Weather: Southern farmers fear it's the driest spring in decades

Southern farmers say they're going through the driest spring in decades.

NIWA backs this up, and says there are already signs of an early drought with some areas experiencing the driest October on record.

Banks Peninsula farmer Roger Beattie has witnessed a lot of weather patterns in his long career, but says this one is the worst.

"It's the driest spring at this time that I've ever seen," he tells Newshub.

It's been a mild and dry year in many parts of the South Island with an extremely dry autumn, a dry winter and so far a dry spring.

"Several locations are tracking toward their driest October on record," says NIWA meteorologist Ben Noll.

And it's widespread across much of the lower South Island.

"Very dry conditions across Canterbury and Otago, soil moisture levels anywhere from 10 to up to 50mm below normal for the time of year," Noll says.

Farmers are starting to worry. Many have lived through droughts before, but they hardly ever see signs of it this early.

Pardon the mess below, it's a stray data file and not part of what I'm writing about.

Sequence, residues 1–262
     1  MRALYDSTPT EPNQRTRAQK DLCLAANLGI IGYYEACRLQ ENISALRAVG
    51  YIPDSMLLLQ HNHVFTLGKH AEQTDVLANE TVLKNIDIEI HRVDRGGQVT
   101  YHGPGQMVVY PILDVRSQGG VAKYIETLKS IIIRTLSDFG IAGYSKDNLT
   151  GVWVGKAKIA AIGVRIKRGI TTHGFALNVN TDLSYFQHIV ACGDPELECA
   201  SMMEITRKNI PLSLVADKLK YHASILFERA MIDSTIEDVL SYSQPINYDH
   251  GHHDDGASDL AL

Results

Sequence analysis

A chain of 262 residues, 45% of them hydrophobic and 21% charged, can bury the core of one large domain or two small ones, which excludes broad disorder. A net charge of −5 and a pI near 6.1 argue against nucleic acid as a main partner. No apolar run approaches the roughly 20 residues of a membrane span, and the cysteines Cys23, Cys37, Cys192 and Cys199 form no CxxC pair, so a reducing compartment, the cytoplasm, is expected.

"There'll be a lot of people having a lot of pain if it doesn't rain soon," Beattie says.

But NIWA says farmers should prepare for the more of the same.

"The outlook unfortunately speaks to continue dryness in the dryest areas of the South Island, maybe some rain here and there but we're going to need more to alleviate those dry soils," Beattie says.

It's all about the feed and if there's nothing to feed stock with the problems and costs start to rise.

It's all made worse by the COVID-19 level 4 lockdown when stock was harder to get rid of.

"So, more stock on, more mouths eating, less food," Beattie explains.

One other young farmer further out on Banks Peninsula described the conditions for this time of year as "off the Richter" and that it's the worse they've seen in over 12 years of farming.

NIWA also says areas in the north that had record droughts last summer, like Auckland, Northland and the Coromandel, are also drying up quickly.

And it's not just the farmers who should be worried.

"A shortage pushes the price up," Beattie says.

So it's the entire country that should be hoping for rain.